#1
Apr203, 10:32 AM

P: 152

does the integrate e^(x^2) can solve??
i think is no..... but why?? 



#2
Apr203, 12:39 PM

Math
Emeritus
Sci Advisor
Thanks
PF Gold
P: 38,879

That depends upon exactly what you mean.
Since e^(x^2) is a continuous function, yes, it HAS an integral (antiderivative). Every continuous function (and many noncontinuous functions) is the derivative of some function and therefore has an antiderivative. Is that antiderivative any "elementary function" (defined as polynomials, rational functions, exponentials, logarithms, trig functions and combinations of them)? No, if fact for most functions the antiderivative is not an elementary function. (There are more functions in heaven and earth than are dreamed of in your philosophy, Horatio!) Of course one can always DEFINE a new function to do the job. I don't know specifically about e^(x^2) but the ERROR FUNCTION, Erf(x) is defined as an antiderivative of e^(x^2).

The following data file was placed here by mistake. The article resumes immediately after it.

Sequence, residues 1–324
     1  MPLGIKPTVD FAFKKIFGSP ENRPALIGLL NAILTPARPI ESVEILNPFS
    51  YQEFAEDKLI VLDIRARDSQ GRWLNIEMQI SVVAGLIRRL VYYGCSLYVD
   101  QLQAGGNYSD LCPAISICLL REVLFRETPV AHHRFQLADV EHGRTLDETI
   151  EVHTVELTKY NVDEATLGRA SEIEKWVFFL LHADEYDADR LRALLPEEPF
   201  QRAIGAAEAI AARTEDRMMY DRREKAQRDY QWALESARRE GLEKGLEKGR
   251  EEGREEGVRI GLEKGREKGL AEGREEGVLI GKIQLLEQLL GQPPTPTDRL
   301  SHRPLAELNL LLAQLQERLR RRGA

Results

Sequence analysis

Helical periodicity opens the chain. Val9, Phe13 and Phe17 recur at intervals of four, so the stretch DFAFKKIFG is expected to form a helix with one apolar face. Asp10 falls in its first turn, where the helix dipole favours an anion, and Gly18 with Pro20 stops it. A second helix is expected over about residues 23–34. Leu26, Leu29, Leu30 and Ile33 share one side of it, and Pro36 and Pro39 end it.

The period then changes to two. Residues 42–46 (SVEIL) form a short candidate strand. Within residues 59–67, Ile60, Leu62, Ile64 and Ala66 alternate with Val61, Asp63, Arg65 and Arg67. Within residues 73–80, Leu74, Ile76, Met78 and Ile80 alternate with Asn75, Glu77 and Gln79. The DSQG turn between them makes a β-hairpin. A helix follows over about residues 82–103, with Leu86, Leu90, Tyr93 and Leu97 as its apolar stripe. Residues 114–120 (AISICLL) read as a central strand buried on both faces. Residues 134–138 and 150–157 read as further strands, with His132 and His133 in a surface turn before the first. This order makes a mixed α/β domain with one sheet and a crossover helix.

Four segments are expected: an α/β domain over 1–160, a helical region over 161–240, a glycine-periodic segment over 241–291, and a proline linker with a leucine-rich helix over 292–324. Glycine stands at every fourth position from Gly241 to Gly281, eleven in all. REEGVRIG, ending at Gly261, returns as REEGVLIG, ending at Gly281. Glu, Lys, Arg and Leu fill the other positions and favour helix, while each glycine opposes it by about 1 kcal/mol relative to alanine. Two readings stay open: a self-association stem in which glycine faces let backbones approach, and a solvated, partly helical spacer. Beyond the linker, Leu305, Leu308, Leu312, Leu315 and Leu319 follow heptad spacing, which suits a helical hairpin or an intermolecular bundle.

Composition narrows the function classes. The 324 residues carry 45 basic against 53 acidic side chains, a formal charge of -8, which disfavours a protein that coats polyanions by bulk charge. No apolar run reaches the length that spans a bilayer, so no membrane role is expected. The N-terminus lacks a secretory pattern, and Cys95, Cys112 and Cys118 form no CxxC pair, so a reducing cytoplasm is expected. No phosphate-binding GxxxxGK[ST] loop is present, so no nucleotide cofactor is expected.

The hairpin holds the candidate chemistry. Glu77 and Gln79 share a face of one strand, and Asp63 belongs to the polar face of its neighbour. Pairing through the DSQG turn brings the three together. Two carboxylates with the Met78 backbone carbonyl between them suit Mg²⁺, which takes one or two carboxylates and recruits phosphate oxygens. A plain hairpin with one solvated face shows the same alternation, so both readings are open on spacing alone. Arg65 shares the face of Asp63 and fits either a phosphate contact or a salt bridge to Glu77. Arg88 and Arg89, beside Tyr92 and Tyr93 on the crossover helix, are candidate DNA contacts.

#3
Apr703, 11:18 AM

P: 152

may i ask what is Error Function??




#4
Apr703, 11:55 AM

P: 24

integrate e^(x^2) 


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